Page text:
Industry: Companies buy the first steel with a better CO₂ – economy balance

No, Franz Kaldewei does not usually travel to Duisburg to buy steel himself. His family business makes very expensive bathtubs and sinks – not ceramic or plastic, but enameled steel, a mixture of metal and glass. But now Kaldewei, gray suit, black helmet, is standing in a huge Thyssenkrupp warehouse.

The bathroom supplier has not only ordered 300 tonnes of steel, it is also bringing a certificate back to Münsterland: this steel, it is certified, has a 70% lower CO₂ footprint than conventional products. “Sustainable construction is a huge problem, especially in architecture,” says Kaldewei. Hopefully you won’t be able to avoid your tubs any longer.

70% less CO₂, that seems revolutionary for a city like Duisburg. Steel has been baked there for 130 years – according to an unchanged recipe: the ore is reduced to pig iron with coal and turned into steel. But the climate record is bad. The Thyssen plant in Duisburg alone is responsible for 2% of all greenhouse gas emissions in Germany.

There is a recipe for the future: with green electricity and hydrogen. But until the necessary systems are in place, the industry tries to get the most ecological benefits from blast furnaces. She is now starting to sell steel that protects the climate at least a little. But if you look behind the labels, you find yourself in difficult calculations. Or – in another case – with French nuclear power.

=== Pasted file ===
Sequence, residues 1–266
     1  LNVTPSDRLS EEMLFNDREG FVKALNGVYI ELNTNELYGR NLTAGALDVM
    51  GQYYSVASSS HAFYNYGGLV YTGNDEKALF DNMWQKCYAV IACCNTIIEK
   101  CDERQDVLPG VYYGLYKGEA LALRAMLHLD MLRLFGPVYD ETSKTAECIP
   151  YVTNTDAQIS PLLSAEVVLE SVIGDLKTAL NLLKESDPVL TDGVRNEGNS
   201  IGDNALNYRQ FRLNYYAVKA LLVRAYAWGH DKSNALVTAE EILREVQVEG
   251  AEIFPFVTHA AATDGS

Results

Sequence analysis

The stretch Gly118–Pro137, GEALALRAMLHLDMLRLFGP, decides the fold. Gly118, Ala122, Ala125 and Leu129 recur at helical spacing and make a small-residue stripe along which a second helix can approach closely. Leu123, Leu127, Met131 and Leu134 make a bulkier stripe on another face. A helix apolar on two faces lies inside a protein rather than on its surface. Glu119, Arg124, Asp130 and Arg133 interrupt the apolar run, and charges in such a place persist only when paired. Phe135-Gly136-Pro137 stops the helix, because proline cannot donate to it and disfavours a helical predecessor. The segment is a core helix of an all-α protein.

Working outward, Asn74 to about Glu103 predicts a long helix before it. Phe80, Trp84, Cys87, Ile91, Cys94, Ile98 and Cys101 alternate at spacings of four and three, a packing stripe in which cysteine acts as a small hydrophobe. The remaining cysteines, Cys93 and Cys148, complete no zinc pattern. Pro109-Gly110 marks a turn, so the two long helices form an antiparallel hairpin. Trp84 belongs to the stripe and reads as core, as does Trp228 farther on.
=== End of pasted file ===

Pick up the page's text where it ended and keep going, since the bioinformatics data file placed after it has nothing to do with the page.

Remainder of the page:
Car, fridge and washing machine makers want to buy green steel

Above all, Thyssenkrupp tries to use less coal. For this, the largest German steelmaker uses the first quantities of spongy iron. It is already reduced iron, currently it is still produced in Russia with natural gas. Thyssenkrupp also uses more scrap in the blast furnace. In both cases, less coal is needed and less CO₂ escapes.

The group can offset these savings against a small part of the production. Companies like TÜV Süd verify the calculation. Thyssenkrupp plans to sell 50,000 tonnes of low carbon steel in the coming year. Of course, this is only about 0.5 percent of annual production. “By 2024, the quantity is expected to increase to 500,000 tonnes,” explains division manager Bernhard Osburg. Steel is not completely green; Preliminary products like the sponge iron also want to be made and transported.

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From the Rhine port to the blast furnaces via conveying systems: the Thyssenkrupp steelworks in Duisburg alone is larger than the Principality of Monaco.

(Photo: Ina Fassbender / AFP)

What to do with such computer tricks? “In terms of the bottom line, green steel may be a wise interim solution,” says Nicole Voigt, steel expert at the Boston Consulting Group (BCG). Because truly “green” hydrogen-powered steel will not be available in considerable quantities before 2025. “Manufacturers can already test the market,” explains the management consultant. “And there is already a demand.” Manufacturers of cars, refrigerators and washing machines in particular want to use more green materials. “This puts steelmakers under pressure,” Voigt explains.

It’s not easy to see what’s inside when it’s written in green steel